Mr Watire said the district has been struggling with Shs400m to maintain about 280kms of the roads annually.

Compiled by Philip Wafula, Sam Opio Caleb, Ronald Seebe, Alfred Tumushabe, Al-Mahdi Ssenkabirwa, Dan Wandera, George Muron, David Oduut, Vincent Emong, Derick Kissa, Fahad Jjingo, Bill Oketch, Charity Akullo, Isaac Otwii, Polycap Kalokwera, Stephen Okello, Robert Muhereza, Fred Wambede, Joseph Omollo & Patrick Ebong.

priority areas
Otuke/Lira roads. The Otuke chief administrative officer, Mr Joshua Mabiya, said government has advised them to only focus on priority areas and wait until next financial year.

“We have been advised to spend only on priority areas and other activities like road works be suspended until next financial year because of the financial constraints the government is facing in fighting coronavirus,” he said. Similarly, Lira District and sub-counties have suspended several road projects after the government did not send funds for the fourth quarter.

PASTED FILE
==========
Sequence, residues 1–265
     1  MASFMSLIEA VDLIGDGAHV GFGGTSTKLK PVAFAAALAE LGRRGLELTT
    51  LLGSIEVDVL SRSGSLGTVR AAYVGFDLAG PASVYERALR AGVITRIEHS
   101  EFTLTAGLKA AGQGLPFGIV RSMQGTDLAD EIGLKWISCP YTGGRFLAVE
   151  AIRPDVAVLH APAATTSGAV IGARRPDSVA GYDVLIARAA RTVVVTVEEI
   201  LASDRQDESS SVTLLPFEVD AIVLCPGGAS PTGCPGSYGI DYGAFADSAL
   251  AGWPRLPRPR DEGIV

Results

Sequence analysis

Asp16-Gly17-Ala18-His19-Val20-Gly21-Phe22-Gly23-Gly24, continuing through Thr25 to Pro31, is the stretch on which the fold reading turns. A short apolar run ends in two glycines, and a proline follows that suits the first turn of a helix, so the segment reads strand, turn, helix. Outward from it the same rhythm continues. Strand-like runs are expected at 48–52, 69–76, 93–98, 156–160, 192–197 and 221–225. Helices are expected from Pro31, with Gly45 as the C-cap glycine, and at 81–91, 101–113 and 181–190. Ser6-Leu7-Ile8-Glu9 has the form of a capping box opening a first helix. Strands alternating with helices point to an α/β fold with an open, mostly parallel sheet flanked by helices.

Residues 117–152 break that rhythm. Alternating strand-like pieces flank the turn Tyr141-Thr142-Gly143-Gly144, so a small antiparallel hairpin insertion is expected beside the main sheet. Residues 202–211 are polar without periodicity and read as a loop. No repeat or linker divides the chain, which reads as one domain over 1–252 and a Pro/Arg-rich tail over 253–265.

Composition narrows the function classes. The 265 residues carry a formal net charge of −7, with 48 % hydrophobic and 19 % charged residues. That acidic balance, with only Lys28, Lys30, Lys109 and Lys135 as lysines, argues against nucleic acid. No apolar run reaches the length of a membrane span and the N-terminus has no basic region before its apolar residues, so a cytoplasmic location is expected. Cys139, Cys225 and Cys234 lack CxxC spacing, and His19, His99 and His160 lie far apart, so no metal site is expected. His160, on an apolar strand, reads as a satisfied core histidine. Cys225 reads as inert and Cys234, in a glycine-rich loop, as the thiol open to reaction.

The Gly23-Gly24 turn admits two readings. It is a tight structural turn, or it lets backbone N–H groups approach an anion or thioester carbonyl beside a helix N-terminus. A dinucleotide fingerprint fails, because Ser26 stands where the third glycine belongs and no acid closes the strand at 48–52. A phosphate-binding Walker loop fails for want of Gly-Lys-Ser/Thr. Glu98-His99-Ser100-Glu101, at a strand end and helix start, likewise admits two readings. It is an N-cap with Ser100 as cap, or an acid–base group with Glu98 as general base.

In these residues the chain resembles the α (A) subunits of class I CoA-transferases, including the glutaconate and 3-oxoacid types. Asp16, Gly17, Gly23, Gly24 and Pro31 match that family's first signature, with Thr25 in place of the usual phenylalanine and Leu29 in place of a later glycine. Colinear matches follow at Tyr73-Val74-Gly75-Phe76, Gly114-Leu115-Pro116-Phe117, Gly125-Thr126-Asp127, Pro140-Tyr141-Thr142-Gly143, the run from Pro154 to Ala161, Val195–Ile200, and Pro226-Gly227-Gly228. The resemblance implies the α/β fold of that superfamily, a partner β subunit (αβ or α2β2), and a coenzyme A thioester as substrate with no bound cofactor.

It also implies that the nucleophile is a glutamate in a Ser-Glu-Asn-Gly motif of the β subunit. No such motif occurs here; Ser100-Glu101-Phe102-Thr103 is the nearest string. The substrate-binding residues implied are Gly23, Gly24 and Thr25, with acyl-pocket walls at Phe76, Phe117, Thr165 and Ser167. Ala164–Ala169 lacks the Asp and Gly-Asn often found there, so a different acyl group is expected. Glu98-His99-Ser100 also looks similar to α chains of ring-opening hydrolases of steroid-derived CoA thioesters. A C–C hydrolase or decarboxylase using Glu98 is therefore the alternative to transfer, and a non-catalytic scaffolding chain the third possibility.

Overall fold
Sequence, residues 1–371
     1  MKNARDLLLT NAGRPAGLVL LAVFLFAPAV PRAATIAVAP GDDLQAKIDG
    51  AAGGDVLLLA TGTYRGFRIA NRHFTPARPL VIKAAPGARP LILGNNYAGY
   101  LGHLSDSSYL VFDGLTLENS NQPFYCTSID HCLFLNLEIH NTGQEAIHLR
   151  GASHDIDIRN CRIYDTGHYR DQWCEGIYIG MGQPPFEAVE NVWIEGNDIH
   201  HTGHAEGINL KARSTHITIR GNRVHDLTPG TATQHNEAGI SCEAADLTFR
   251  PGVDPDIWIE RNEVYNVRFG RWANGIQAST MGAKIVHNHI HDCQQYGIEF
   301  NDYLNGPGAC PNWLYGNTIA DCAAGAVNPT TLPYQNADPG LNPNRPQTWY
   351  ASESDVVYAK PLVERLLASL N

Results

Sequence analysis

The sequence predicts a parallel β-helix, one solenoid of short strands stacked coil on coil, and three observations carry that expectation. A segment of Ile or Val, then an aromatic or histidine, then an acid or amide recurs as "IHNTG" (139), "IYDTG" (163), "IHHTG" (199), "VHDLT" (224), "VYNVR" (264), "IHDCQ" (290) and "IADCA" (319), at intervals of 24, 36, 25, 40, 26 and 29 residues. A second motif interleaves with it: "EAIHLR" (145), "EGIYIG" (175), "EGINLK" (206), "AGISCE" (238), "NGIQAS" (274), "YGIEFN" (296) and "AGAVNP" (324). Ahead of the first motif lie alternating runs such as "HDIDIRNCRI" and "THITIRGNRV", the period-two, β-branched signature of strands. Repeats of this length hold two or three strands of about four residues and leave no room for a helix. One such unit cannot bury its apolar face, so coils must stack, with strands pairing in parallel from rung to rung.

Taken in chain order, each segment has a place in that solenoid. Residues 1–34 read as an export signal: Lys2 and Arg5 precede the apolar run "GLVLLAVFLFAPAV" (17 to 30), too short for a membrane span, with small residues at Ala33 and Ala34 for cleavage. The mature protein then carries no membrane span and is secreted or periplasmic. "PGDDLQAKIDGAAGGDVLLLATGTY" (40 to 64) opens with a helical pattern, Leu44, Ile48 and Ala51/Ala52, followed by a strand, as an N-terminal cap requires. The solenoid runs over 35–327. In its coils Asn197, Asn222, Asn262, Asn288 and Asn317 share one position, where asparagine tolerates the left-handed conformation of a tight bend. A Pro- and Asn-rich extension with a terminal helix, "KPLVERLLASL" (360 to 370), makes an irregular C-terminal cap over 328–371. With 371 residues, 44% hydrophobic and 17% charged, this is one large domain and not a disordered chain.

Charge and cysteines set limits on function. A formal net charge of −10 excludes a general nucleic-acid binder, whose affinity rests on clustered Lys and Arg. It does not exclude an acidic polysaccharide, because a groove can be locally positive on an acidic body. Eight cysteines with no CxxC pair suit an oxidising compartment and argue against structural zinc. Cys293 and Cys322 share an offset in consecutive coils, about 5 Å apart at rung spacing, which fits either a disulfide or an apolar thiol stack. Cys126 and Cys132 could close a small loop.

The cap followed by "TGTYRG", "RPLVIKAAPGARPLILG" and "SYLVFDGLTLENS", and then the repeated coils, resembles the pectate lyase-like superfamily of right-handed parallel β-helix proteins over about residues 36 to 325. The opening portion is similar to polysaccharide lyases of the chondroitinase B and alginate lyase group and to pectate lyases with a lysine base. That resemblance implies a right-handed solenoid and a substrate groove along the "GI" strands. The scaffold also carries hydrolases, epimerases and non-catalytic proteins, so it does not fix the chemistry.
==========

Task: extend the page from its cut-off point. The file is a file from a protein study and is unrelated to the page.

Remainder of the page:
Lira was supposed to receive Shs124m for the fourth quarter of this financial year but government did not disburse the funds due to the current Covid-19 crisis. The district receives Shs550m annually to maintain its more than 500km-road network.


“This is likely to kill decentralisation and create more corruption-related problems. They should leave the funds to the district and instead add money to the local governments to open and rehabilitate more roads,” Mr Muhammad Mafabi, Mbale District council speaker

“We had expected to get about Shs195m to rehabilitate roads destroyed by heavy rain, but this will not be possible now,” Mr Dunstan Balaba, Tororo District CAO.